Hidden treasure: Hertford Union Canal gives up its secrets

Hidden treasure: Hartford Union Canal gives up its secrets
Hidden treasure: Hartford Union Canal gives up its secrets

In January, the Hertford Union Canal in East London was drained for essential repairs for the first time in 20 years and is due to be refilled in April. The Canal and River Trust put out a call for volunteers to clear out the rubbish from the 191-year-old canal. Anna Borzello went along with a group of friends who normally search the Thames foreshore for archaeological artifacts (a hobby known as mudlarking) to find out what had lain beneath the waters.

As I stepped off the ladder and onto the exposed bed of the Hertford Union canal, heading towards what I hoped was a Victorian bottle, I sunk straight in above my knees and spent the next five minutes trying to dig me out with a shovel.

Canal mud is treacherous, deceptively solid-looking on the surface but giving way to thick sludge beneath. Shallow water pooled in the center of the three-quarters of a mile (1.2km) long trench, but sediment swirled with every step, making it hard to see anything.

The ground was covered with rubbish. Tires were everywhere; twists of metal poked from the mud; a pull on a handlebar revealed a bicycle. The side of a park bench and what looked like a lamppost lay half-submerged.

Much of the rubbish had been dumped by fly tippers.

At the lock linking the Regents and Hertford Union Canal, we waded through water full of mobile phones, chunks of obsolete technology, and license plates, including one that had been mysteriously chopped up into tiny bits and wrapped tightly in a plastic bag.

This wasn't the only apparent evidence of a crime. There were safes, empty apart from mud. Volunteers also found a BB gun and a sword, age, and provenance unknown.

A friend who lives on a barge told me that many things were lost over the side - vandals love to chuck in plant pots from the tops of boats, while cutlery is sometimes thrown out with the dishwater.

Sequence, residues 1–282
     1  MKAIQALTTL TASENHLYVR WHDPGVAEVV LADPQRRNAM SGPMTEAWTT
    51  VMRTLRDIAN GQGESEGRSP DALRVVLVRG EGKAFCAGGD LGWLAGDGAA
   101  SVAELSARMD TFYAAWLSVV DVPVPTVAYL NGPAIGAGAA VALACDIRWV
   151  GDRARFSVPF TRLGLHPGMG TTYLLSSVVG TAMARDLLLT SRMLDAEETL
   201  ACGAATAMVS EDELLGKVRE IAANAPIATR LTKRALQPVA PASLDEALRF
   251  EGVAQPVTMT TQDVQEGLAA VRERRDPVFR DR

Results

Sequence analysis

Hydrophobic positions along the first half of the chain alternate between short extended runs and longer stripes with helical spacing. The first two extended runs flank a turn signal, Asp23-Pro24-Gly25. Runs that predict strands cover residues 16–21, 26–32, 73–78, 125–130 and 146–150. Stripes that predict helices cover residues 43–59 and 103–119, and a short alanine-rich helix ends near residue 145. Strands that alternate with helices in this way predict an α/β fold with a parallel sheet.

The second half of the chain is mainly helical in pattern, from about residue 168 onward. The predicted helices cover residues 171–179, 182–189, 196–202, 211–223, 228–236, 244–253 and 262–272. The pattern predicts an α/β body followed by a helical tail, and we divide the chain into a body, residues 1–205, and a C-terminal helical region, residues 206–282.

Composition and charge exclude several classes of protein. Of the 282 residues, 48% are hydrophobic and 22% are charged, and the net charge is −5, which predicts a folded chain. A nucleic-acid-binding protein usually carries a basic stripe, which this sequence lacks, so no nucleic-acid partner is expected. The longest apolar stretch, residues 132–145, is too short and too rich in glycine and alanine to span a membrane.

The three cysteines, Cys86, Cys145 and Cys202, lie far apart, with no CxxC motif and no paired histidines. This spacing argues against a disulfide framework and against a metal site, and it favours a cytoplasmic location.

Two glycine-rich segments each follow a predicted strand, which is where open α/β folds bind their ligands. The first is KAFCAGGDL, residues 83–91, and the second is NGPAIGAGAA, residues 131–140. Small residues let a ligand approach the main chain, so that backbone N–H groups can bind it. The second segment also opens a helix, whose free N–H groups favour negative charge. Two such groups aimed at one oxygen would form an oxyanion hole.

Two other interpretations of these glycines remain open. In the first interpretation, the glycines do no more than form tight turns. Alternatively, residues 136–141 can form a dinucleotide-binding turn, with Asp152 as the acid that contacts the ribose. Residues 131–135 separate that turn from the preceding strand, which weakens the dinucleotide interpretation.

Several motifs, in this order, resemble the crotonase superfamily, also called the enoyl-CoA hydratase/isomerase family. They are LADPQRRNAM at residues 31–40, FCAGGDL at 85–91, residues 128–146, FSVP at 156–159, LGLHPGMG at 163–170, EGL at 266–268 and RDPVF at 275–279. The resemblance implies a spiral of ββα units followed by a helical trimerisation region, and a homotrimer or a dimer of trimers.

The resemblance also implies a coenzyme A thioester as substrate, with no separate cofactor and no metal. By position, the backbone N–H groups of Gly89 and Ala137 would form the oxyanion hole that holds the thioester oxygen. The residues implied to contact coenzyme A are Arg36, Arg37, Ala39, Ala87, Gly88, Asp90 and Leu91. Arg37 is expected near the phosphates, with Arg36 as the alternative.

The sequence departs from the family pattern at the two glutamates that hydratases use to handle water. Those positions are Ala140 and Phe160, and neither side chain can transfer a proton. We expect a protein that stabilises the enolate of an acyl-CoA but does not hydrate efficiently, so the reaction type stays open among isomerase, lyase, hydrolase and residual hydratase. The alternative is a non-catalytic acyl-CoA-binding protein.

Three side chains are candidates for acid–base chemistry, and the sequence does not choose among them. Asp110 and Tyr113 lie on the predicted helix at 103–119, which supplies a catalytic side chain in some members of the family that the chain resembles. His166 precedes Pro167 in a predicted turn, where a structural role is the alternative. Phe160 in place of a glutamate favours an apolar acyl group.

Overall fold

She suggested that many tires lying on the mud originally hung from the sides of boats to prevent scrapes when they pulled in for mooring.

There were surprising findings. Mike Walker kicked against a round object in shallow water and discovered a WW2 helmet.

Some objects, like traffic cones, must have been lobbed in by bored teenagers. Other items were chucked into the water in anger.

As we battled through mud, a woman shouted down to ask if we had seen her friend's bicycle: he had been in a traffic dispute with the driver of a car who had thrown his bike off the bridge and into the canal.

I overheard two people on the towpath musing whether the motorbike lying beneath them belonged to "Andrew", pushed in from the adjacent car park.

I don't know why there was a collection of tiny ceramic polar bears, horses, and a gorilla beneath a bridge, but I imagine an angry child hurling in his sibling's collection.

Litter was everywhere, beer cans and plastic wrappers dropped by people who couldn't be bothered to find a bin.

All the rubbish was piled on the towpath by CRT volunteers. The rubbish is treated as toxic and will be taken away by a barge for disposal when the canal is refilled in April.

The Hertford Union Canal was never a commercial success, but it runs alongside the busy Victoria Park and has seen working, wartime, and leisure activity for close to 200 years, as well as industry along its banks.

One volunteer discovered a horseshoe, possibly dating to the era of horse-drawn canal barges, while Nicola White came across a perfect 19th Century stoneware ginger beer, as well as a small aqua ink bottle, from a time before biros and felt-tip pens.

Perhaps some of the older objects have been removed by dredging.

It's likely small items, like coins and rings, have sunk into the deep mud. Other treasures may have been pulled out by people fishing with magnets, an increasingly popular hobby.

Heritage items, like the helmet and sword, will be kept by the CRT and returned to the finder if they are found not relevant to the canal's history.

The jumbled objects beneath the water may not be your average treasure, but they are clues to the everyday lives and emotions of the people who live above the surface.



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